The Broadway musical is such a mélange of parts — often Frankensteined together — that it’s easy to take for granted the weight that each of the creative elements bear. I think ten out of ten composers would agree that songwriting is the most integral of said elements. After all, no music = no musical. That’s about as simple as the math gets.
With so many musically diverse offerings on Broadway, I find it prudent to dig below the surface and look into what combination of elements makes for a great score. Each show must bring with it stunning melodies, harmonies, and storytelling, all sewn together to form a memorable song. But what the hell do the people want?
Over time, the New York theater audience has borne witness as many talented songwriters, often duos of composers and lyricists, scrambled to serve a perfect mixture of art and commercialism — that is, a finished work that can support itself. Straddling that fine line of staying true to form while making producers happy is a balancing act fit for Barnum and Bailey.
Composers must literally be sitting at their pianos, scratching their collective head, and saying, “what the!?” The answer does not come easy. You can’t just drop in a I-IV-V progression and call it a day. It’s far more complex. We’re talking diverse, yet catchy, melodies that not only move the plot forward, but also contain enough vocal gymnastics to make an entire audience leap to their feet at the end of a performance.
The approach to writing one of these here musical scores probably depends on how much credit the audience is given. Does one want to try to play to their musical sensibilities by writing in popular genres that already populate their playlists, or is it more effective to push the envelope and broaden their horizons by touching on styles of the past, and allowing the music of musical theater to be its own true art form? First figure out who your audience is, and what kind of show they’re ready for.
The possibilities in song structure are limitless. You can emulate bubble gum pop filtered through sounds of the 60s like Hairspray. Or maybe you prefer multi-key-changing power ballads like Frank Wildhorn. Then there’s the sounds of Andrew Lloyd Webber and his mega musicals. Ahrens and Flaherty? Shonberg and Boublil? Bernstein, Sondheim, Brown, LaChiusa, Schwartz? I could go on, but there’s no one school of thought.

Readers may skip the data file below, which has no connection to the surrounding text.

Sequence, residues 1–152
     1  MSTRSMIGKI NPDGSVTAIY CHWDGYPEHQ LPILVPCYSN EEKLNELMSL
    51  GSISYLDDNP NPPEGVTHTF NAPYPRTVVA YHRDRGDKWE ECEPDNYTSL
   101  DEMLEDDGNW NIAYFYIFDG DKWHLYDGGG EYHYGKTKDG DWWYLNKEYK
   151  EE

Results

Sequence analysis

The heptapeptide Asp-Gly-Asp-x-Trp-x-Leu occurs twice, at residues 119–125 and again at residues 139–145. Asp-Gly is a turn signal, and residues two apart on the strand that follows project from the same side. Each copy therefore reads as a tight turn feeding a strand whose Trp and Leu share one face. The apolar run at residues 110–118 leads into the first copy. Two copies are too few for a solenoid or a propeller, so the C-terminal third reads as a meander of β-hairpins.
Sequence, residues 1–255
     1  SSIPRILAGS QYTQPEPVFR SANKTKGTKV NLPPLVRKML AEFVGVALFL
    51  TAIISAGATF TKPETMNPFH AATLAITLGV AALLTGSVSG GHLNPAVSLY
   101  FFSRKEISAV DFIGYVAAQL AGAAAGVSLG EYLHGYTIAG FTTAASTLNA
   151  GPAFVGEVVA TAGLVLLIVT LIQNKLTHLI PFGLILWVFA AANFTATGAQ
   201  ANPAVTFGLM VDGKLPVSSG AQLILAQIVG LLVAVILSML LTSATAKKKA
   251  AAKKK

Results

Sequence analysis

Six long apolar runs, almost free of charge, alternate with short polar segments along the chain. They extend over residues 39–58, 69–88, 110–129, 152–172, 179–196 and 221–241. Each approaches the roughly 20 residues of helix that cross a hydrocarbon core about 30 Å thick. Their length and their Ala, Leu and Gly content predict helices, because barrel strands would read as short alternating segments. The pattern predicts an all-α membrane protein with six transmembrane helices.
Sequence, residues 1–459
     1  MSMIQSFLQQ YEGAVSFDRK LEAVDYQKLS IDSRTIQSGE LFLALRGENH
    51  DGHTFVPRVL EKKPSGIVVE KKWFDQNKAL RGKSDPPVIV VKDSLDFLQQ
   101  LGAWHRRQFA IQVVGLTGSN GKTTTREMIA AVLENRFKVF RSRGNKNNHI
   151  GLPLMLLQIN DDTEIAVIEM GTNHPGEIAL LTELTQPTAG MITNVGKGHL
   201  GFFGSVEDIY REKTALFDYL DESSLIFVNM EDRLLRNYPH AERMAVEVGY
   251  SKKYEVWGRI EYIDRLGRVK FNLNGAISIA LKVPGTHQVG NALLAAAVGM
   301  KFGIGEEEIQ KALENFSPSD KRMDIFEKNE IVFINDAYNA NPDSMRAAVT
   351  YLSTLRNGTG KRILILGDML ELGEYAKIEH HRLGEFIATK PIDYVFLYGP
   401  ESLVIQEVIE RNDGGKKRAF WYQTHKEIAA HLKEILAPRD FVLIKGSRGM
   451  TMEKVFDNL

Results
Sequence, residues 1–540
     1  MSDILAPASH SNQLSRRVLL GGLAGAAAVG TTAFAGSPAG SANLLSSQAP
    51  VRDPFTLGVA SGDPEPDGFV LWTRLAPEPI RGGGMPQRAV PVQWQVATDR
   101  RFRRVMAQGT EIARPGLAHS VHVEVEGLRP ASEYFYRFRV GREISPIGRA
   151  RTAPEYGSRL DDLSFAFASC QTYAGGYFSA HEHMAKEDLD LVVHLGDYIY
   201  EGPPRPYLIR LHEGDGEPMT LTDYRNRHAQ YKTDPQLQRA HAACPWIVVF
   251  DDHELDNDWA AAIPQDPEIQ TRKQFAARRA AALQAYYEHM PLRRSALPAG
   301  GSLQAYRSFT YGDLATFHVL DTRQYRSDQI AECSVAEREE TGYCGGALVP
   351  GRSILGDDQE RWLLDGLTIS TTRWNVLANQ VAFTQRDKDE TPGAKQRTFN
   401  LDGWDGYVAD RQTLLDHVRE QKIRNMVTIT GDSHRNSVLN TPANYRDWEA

How do you capture all the innuendo of multiple genres without bastardizing an entire art form? Sometimes you do, sometimes you don’t, and sometimes it doesn’t matter. Embrace the material. Romance sells. Cheesy sells. Beat-driven sells. There’s a time and place for everything under the sun if it’s handled with care and drives the plot. Personally, I like to avoid the many jukebox disasters, pulled from the songbooks of Elvis (All Shook Up), The Beach Boys (Good Vibrations), and Peter Allen (The Boy from Oz)… Of course, Jersey Boys is pretty killer… so there really are no rules.
To me, it’s of utmost importance to write something that resonates with the audience. The songs must embody the story you wish to tell and must be thoughtfully peppered throughout the show to lift the text in the most emotional, comedic, and rewarding ways. The melodies must soar, but also contain enough humility to lend patter to the singers-and-dancers of yesteryear. The harmonies must produce overtones that make the audiences’ ears ring and the little hairs on the backs of their necks stand up. It’s the clichéd, but all too true, X factor. (I can’t stand Cats, but I love Jesus Christ Superstar — same composer, way different reactions from me.)
So, what do you need to know to write a song for a musical?
- True art is in the eye of the beholder.
- The most formulaic approach to writing a song in a musical is one of care and taste. All the complicated stuff layers on top of that to make it truly soar.
- Open yourself to all the sounds and styles. They’re all special in their own right.